Friday, September 20, 2013

Free Trade And Inequality

Matt Yglesias has a great piece up about emerging trends that show that free trade might not be a universal good. The standard theory among most economists is that while free trade between nations might cause concentrated job losses and economic trouble for a few (like auto workers lay off is Detroit because of imported cars) there will be broadly diffused gains from more commerce, economies of scale, opening foreign markets etc. But what the new research is showing is that more than just causing job losses in certain industries, free trade has caused a shift in the balance of power between labor and capital in capital’s favor. As Matt Puts it, “the labor share of national income has fallen because many more industries are exposed to foreign competition in a way that's systematically advantaged the owners of capital.”

Obviously we need to wait for more data before this can be confirmed but it does seem to vindicate the political rhetoric of people like Ross Perot and Dick Gephardt. Free trade does in fact “ship jobs oversees” and even worse it makes it harder for people whose jobs stay in the US to bargain for more wages and benefits.

More broadly this seems to be evidence that when we talk about “inequality” we are talking about more than the fact that Steve Jobs has more money than God or we’ve seen stagnant wage growth for the middle class over the last few decades. We are talking about a shift in the political economy of American society that puts more and more power in the hands of owners of capital and less and less in the hands of the vast majority of American workers. So any policy designed to deal with inequality can’t just be about the old liberal tried and true method of raising taxes on the wealthy to pay for more public services or transfer payments to the poor (although doing that is still very important). We have to look for policies that will transfer bargaining power from owners of capital back to labor.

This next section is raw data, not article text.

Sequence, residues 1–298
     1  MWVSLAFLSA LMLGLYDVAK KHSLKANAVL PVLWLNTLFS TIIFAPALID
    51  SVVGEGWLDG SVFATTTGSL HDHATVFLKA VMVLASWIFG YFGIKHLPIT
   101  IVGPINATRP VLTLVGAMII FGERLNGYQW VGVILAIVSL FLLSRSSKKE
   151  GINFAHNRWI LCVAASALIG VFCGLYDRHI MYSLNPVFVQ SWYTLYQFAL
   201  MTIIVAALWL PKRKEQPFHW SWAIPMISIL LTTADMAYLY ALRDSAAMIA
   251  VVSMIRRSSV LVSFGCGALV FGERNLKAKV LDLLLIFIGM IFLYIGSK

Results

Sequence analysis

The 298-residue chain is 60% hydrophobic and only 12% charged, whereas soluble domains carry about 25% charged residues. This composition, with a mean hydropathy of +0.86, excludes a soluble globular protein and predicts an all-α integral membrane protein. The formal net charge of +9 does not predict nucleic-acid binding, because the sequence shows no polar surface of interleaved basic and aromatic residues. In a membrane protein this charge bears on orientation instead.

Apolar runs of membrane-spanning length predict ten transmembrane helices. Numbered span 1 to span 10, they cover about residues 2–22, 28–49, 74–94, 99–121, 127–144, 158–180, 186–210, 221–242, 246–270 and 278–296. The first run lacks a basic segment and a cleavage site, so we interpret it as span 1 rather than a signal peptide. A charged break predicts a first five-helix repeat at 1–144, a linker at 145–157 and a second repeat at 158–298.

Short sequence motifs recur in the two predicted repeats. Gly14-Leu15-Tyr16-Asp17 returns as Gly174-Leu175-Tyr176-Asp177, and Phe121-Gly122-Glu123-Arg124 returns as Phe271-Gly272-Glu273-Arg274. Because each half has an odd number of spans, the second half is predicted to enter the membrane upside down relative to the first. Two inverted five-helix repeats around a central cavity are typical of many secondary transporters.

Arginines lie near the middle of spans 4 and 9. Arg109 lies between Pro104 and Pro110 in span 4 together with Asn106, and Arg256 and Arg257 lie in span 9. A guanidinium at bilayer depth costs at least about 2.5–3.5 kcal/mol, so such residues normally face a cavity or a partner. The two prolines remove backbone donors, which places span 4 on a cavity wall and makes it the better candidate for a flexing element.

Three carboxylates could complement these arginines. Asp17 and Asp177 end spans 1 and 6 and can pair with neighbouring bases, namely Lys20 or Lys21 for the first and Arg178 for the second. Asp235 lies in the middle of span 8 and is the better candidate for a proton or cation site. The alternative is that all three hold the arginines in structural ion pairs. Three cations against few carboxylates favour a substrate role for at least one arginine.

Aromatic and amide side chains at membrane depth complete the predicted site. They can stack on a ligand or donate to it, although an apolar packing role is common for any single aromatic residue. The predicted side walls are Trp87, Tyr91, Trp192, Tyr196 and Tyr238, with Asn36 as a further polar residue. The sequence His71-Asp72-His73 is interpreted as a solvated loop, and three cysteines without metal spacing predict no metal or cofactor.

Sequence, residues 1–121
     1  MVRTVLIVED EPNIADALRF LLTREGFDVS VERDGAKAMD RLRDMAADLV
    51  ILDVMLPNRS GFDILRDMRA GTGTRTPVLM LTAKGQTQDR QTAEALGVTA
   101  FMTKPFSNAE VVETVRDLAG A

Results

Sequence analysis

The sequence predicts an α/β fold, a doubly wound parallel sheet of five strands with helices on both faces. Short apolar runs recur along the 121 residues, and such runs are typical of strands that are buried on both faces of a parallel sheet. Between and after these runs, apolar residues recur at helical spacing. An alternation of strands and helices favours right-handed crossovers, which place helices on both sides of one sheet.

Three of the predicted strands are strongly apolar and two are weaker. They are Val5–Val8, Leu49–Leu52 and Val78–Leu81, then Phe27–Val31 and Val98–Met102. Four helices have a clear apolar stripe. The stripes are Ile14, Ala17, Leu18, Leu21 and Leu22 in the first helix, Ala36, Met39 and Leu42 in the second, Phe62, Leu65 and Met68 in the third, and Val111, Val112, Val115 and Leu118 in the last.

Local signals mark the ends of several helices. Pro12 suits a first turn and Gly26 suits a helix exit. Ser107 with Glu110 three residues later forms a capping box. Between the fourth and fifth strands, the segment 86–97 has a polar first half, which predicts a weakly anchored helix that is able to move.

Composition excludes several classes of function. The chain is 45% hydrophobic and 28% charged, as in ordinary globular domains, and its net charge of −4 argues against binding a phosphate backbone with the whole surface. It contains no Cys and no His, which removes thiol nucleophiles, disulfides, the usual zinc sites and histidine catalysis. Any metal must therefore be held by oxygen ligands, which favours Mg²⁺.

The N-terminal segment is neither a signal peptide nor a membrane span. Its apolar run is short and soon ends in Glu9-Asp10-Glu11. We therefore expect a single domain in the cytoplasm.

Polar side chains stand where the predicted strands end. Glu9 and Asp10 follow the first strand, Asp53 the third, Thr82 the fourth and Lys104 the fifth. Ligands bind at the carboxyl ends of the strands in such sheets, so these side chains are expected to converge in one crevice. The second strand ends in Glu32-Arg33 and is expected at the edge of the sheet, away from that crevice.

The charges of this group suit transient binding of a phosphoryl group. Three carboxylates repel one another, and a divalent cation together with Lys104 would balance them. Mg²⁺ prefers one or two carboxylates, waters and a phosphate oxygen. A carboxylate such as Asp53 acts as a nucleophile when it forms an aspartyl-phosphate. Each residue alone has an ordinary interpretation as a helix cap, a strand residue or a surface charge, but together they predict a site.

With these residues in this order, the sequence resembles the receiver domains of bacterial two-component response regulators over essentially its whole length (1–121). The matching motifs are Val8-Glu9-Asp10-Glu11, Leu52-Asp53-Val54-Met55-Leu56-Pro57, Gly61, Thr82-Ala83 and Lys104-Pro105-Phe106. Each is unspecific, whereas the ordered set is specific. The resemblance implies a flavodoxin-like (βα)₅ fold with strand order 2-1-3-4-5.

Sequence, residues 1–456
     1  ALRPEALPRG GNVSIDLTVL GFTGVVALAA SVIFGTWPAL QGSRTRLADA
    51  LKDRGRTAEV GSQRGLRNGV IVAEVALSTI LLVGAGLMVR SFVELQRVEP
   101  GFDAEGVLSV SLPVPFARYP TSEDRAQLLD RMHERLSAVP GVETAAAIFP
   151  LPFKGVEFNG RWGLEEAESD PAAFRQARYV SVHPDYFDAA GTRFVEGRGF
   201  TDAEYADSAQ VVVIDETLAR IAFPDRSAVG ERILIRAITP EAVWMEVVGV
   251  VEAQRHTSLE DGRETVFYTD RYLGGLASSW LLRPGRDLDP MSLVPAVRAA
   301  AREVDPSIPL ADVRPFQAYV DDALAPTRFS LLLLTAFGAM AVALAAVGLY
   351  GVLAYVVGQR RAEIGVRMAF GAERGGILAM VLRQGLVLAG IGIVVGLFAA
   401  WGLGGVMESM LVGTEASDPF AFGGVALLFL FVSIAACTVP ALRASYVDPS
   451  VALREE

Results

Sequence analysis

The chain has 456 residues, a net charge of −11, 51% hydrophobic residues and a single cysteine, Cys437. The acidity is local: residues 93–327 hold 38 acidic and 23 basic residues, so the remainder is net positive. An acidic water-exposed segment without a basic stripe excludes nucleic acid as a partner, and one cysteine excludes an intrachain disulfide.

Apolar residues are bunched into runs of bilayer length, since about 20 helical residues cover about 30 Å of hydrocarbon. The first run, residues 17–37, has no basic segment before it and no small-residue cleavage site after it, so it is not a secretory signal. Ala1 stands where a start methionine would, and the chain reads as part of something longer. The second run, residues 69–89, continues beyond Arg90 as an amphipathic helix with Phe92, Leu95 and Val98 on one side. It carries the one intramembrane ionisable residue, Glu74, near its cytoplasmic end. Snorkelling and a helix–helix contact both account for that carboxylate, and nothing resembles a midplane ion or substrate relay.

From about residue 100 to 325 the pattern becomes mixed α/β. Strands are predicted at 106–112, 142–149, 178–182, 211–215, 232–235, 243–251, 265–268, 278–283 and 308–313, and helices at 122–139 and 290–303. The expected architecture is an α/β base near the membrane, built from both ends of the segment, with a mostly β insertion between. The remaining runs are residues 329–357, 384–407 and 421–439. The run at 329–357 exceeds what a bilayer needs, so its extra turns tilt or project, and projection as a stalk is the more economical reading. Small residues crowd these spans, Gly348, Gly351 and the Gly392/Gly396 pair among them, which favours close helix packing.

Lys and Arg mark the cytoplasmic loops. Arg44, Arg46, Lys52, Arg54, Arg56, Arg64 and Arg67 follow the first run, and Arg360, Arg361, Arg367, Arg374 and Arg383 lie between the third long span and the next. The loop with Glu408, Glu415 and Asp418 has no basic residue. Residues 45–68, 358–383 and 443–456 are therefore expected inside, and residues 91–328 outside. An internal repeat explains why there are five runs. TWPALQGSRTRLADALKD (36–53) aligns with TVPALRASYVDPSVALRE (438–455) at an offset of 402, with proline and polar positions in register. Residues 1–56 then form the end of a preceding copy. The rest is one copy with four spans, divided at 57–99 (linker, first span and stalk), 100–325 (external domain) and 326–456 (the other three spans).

I imagine a million labor activists and occupy people are now saying “see, I told you so” to neoliberal sell outs like me. And in some ways they have a point. But I would also stress that we should be looking for new policies to deal with this new situation. So taxing the rich to pay for early childhood education Bill de Blasio style is a great idea, and by all means let’s find ways to make it easier to join a union, but we can’t stop there as those policies have, at best, only slowed this trend over the last few decades. So we should be looking at ways to make our monetary policy honesty strive for full employment because jobs are great but also because tight labor markets give power to labor in bargaining over wages by definition. We should try and reform banks and Wall Street but also acknowledge that a social policy that rewards going massively into debt to buy a big house, i.e. American housing policy since World War 2, is going to structurally empower capital by putting most people massively in debt to banks.

Basically our regular liberal policies of tax and spend and more regulations is probably not enough to change growing inequality and we need to be looking for new and novel ways to tackle this problem.

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